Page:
“Copper bracelets and magnetic wrist straps are useless for relieving pain in people with arthritis,” BBC News has reported. It said that the first tightly controlled study of the interventions found no benefit in treating pain or stiffness from the condition.
This report is based on a robust study design and shows good evidence that magnetic wrist straps and copper bracelets have little or no effect on pain, physical function or stiffness in osteoarthritis.
According to this study, any benefit these devices may have, which the BBC reports can costs between £25 and £65, may be explained by the placebo effect.
The research was carried out by Dr Stewart J. Richmond and colleagues from the University of York, Durham University, the University of Hull and other medical institutions in Hull, UK.
It was funded by a grant from the Wolds Primary Care Research Network (WoReN). The bracelets were supplied free of charge by a manufacturer, MagnaMax Healthcare (Ontario, Canada).
The study was published in the (peer-reviewed) medical journal Complementary Therapies in Medicine.
This study tested the effectiveness of a typical magnetic wrist strap sold for reducing pain and stiffness and for improving physical function in patients with osteoarthritis. It was a randomised, double-blind, placebo-controlled crossover trial.
The study recruited 45 people with osteoarthritis from GP practices in Yorkshire between February and June 2005. Patients were over 40 years old and were receiving active treatment for pain with either prescribed NSAIDs or opioid painkillers (e.g. paracetamol or codeine).
The participants were randomly allocated to one of four sequences of treatment. Each of the four sequences featured the same devices being worn, but in different orders, for a total of 16 weeks. Each device was worn for a minimum of eight hours a day for four weeks. The four treatments were:
The participants completed questionnaires at the beginning of the study and at the end of each four-week treatment phase. The questionnaire measured experience of pain on a number of different scales, but the main one used in the analysis was the pain subscale of a wider questionnaire called WOMAC Osteoarthritis Index 3.1.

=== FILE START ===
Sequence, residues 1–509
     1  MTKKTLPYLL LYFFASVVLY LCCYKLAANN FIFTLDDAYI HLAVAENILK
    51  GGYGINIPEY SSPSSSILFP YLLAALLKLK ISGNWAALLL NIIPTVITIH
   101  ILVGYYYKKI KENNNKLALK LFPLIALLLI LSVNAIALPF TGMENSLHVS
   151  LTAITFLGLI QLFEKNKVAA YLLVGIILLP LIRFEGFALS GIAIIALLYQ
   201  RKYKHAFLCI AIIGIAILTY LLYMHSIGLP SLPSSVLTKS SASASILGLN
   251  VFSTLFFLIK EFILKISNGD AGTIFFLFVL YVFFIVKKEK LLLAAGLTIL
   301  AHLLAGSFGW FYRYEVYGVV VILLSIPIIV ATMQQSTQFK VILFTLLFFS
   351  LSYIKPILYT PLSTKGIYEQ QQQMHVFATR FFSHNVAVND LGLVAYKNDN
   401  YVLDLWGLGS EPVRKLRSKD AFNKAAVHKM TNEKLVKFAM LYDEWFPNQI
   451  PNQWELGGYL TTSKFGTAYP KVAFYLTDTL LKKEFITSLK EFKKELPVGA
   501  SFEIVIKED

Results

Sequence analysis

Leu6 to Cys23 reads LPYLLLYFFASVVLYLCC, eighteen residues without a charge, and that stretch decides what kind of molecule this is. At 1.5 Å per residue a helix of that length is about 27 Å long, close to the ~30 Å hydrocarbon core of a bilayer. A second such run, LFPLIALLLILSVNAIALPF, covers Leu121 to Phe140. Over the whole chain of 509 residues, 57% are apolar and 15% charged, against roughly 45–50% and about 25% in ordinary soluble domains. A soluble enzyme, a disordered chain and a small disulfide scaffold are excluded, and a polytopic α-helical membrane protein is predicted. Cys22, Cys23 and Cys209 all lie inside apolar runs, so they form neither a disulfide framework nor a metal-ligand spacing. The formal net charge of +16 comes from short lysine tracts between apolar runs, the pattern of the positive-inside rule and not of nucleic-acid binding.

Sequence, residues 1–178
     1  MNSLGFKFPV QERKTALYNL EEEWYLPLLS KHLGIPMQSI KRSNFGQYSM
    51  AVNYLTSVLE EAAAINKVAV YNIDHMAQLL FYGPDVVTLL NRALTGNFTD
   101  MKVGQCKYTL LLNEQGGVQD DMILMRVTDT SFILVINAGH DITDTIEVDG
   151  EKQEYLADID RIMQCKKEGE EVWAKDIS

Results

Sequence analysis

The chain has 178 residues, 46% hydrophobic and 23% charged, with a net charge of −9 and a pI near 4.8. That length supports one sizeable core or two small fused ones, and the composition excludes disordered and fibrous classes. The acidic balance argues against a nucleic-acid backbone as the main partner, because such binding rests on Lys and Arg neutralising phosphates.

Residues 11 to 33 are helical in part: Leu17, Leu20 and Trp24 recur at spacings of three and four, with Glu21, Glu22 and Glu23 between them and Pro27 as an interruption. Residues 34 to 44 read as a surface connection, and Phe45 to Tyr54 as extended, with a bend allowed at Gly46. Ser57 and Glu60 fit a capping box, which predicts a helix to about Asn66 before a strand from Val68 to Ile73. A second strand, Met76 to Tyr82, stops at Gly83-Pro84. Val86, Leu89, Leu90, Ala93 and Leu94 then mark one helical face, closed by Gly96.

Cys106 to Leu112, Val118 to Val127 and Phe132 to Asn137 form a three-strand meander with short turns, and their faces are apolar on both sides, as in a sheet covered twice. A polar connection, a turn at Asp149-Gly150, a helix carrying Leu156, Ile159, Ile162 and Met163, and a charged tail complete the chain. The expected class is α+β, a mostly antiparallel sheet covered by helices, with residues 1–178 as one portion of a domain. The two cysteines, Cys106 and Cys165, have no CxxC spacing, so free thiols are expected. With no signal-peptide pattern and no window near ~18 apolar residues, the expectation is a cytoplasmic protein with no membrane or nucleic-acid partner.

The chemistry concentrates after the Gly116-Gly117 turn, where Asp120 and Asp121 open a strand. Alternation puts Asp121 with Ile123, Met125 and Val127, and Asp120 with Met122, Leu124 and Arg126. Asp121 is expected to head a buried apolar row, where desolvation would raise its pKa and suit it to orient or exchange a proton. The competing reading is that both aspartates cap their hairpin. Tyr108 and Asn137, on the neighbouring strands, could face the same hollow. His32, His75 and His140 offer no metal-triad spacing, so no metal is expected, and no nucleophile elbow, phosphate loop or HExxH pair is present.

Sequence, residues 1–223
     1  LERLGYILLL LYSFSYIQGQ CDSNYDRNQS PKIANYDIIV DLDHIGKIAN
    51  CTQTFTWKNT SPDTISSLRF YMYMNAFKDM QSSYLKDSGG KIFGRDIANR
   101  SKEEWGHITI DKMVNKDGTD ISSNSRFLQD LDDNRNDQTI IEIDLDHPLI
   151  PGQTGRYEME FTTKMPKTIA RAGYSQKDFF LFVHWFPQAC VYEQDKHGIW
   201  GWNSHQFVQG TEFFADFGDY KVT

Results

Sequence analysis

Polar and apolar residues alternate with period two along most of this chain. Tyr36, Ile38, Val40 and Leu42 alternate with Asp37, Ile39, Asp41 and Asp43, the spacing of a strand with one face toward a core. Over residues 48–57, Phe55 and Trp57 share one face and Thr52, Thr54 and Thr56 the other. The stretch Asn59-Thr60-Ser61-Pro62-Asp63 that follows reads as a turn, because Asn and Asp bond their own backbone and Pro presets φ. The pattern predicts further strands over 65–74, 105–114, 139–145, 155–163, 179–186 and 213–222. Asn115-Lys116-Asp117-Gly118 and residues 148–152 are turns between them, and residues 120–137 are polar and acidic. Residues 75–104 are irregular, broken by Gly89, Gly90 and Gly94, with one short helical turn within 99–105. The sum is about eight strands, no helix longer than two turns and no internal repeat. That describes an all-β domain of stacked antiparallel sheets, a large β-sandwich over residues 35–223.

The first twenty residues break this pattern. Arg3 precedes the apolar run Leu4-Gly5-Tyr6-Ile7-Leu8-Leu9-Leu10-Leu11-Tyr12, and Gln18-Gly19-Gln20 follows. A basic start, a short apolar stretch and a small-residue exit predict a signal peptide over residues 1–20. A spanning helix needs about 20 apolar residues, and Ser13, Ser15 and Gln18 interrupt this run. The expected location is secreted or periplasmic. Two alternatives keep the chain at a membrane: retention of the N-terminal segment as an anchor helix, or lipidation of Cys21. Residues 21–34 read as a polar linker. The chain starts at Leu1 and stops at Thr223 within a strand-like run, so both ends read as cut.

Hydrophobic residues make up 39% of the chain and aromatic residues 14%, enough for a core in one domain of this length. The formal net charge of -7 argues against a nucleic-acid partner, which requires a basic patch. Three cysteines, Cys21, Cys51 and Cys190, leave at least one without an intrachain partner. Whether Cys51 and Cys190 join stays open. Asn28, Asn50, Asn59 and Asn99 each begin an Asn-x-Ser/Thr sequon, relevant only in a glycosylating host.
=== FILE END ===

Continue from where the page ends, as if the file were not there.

In crossover studies, each participant is their own ‘control’ because they all have the intervention under study and the placebo treatment. After 16 weeks, the researchers compared the changes in pain scores across the treatment groups. They adjusted for treatments (from self-report diaries, prescription records and pill counts) and for time. Complete data was available from 42 patients for analysis.
The researchers found no difference between the four devices in change in pain outcomes as measured on the WOMAC Osteoarthritis Index, (their primary measure of outcome) or on the other measurements of pain experience (which were considered secondary measures of pain).
When pain was measured on the PRI sensory pain subscale (a secondary measure), the standard magnetic wrist strap seemed to reduce pain more than other bracelets, with a reduction of 2.52 points out of a possible 42 points on the PRI sensory scale (95% confidence interval, 4.05 to 0.99 reduction).
The researchers conclude that “magnetic therapy, involving the use of a magnetic wrist strap over a period of four weeks, had no statistically significant therapeutic effect among patients with osteoarthritis for the primary pain outcome measure”. They say that there was also no effect on physical function, stiffness or use of medication. Together these results can be taken “as evidence against the use of magnetic therapy”.
The researchers suggest that the reported analgesic benefits associated with the devices may therefore be due to the psychological effects of a placebo.
This study provides good evidence that magnetic and copper wrist bracelets have no effect on pain, stiffness or physical function in osteoarthritis. Although the trial was small, the researchers made sure they had enough participants to detect a difference of 25% between the standard bracelet and the placebo devices on the WOMAC A scale. However, the trial may have been too small to detect a significant difference on the other measures used.
The researchers discuss how their results contradict those from a previous study, which looked at similar devices and found that a standard bipolar magnetic wrist strap reduced pain compared to weak or demagnetised devices. The researchers suggest that this previous study had weaknesses that may explain the contradictory findings. For example, there are signs that it had problems with blinding, as it found that a fully magnetised device had a significant effect compared to the demagnetised dummy device, but not to the attenuated (weakened) strap.
Crossover trials of drugs usually need a ‘washout’ period before the participant switches to another treatment group. This is to allow the effects of the previous treatment to pass before measuring the effects of a new treatment. However, the researchers say they did not consider washout periods to be necessary as the study included multiple control devices (attenuated and weakened bracelets and the copper bracelet).
The study did not control for multiple testing. This means that the researchers performed several different statistical tests and did not adjust for the fact that the more tests are performed, the more likely there are to be positive findings by chance alone. They say that this may explain the one significant finding of their study, that pain was reduced by the standard magnetic wrist strap on the PRI sensory pain subscale.
The researchers also highlight that one possible explanation for the lack of effect in their study was the short time (four weeks) of each treatment period. They say that this is likely to affect the copper bracelet treatment most, but argue that four weeks should have been sufficient for the magnetic wrist strap to have had an effect.